United States: Good Grief
- Financial markets reacted in a zig-zag pattern to this week’s economic data. Consumer prices surprised to the upside, led by core goods inflation showing little signs of slowing. At the same time, consumers have yet to meaningfully pull back on goods spending. This week’s data reaffirm our view that the FOMC will press ahead with another 75 bps rate hike at its meeting next week.
- Next week: Housing Starts (Tues.), Existing Home Sales (Wed.), FOMC Rate Decision (Wed.), Leading Economic Index (Thur.)
International: U.K. Inflation Slows, but BoE to Stay Hawkish / China’s Move Through 7.00
- Higher natural gas and oil prices have pushed inflation well above the Bank of England’s (BoE) target range, and induced one of the more hawkish stances on monetary policy in the G10. In an effort to support economic activity, the People’s Bank of China has eased monetary policy and lowered interest rates, moving against the grain of global monetary policy trends.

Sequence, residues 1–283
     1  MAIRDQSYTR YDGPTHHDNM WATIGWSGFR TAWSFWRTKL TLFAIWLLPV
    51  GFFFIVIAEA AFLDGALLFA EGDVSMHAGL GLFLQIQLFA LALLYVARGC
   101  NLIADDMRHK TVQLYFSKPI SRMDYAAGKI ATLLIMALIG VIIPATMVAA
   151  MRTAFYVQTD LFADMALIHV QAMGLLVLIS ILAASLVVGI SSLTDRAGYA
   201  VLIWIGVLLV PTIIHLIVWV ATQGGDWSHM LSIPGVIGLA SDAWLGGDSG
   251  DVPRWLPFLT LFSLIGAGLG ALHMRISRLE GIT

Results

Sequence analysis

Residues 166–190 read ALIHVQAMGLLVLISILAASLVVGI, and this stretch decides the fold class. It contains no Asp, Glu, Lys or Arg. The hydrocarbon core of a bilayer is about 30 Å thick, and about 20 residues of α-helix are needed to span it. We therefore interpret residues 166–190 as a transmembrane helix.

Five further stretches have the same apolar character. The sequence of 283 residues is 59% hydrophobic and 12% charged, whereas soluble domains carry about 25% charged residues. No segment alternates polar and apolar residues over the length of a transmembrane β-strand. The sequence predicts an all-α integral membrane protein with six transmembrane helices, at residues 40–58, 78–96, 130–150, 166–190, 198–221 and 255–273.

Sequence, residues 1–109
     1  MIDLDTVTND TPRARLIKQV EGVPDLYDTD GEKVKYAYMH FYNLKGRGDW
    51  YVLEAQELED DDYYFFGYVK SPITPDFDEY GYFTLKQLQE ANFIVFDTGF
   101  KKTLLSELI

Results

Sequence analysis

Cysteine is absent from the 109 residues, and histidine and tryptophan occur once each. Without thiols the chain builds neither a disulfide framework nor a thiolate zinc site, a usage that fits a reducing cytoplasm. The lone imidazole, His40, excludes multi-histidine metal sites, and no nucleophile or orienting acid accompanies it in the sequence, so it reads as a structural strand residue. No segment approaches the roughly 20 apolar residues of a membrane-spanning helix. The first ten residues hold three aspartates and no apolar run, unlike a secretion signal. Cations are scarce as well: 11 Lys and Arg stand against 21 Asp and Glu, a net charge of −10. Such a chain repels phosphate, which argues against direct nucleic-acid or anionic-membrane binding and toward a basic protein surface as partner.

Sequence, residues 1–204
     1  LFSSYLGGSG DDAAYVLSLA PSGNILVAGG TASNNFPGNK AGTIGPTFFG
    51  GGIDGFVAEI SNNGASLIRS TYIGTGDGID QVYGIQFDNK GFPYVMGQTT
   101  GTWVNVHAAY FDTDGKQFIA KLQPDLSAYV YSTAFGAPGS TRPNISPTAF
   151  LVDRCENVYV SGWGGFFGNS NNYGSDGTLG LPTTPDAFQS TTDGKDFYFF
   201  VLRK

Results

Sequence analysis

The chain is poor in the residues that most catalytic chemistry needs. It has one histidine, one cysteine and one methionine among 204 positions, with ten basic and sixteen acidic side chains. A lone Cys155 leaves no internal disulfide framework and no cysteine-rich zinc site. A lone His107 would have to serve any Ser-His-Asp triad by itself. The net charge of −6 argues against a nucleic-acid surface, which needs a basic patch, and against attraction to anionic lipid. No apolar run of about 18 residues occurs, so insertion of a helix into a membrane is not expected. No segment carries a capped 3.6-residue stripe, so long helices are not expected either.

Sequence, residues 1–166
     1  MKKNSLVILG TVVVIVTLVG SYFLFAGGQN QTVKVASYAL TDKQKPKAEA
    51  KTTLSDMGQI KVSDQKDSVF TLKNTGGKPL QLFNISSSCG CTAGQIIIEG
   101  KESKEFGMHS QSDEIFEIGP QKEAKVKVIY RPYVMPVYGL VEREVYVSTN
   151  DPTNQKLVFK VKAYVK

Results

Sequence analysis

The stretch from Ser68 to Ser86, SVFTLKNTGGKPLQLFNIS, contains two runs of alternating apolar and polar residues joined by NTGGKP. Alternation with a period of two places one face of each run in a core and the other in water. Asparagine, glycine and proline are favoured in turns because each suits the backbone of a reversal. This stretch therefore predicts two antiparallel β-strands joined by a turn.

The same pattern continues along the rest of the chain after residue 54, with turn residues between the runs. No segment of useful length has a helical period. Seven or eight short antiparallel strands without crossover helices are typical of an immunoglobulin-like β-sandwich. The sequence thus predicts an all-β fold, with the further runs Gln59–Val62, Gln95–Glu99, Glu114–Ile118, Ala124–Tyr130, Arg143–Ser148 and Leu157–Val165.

- Next week: Brazilian Central Bank (Wed.), Bank of Japan (Thur.), Eurozone PMIs (Fri.)
Interest Rate Watch: Yields Push Higher Ahead of Next Week’s FOMC Meeting
- Treasury yields climbed to fresh highs this week as markets digested unexpectedly strong inflation data and its potential impact on next week’s FOMC meeting.
Topic of the Week: Risk of Rail Shutdowns Is Avoided, Economic Fragility Remains
- A nationwide shutdown of the freight rail system was avoided by less than a day this week, after negotiators came to an agreement under pressure from the White House. A short-term spike in inflation caused from supply disruptions was avoided by the deal, but longer-term inflationary pressures remain due to rising employee compensation.